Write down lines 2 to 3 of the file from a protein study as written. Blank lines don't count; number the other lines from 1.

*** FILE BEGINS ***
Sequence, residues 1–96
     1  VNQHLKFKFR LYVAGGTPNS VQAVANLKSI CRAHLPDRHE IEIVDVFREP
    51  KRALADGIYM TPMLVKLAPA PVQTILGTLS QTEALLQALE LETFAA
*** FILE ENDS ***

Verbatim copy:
     1  VNQHLKFKFR LYVAGGTPNS VQAVANLKSI CRAHLPDRHE IEIVDVFREP
    51  KRALADGIYM TPMLVKLAPA PVQTILGTLS QTEALLQALE LETFAA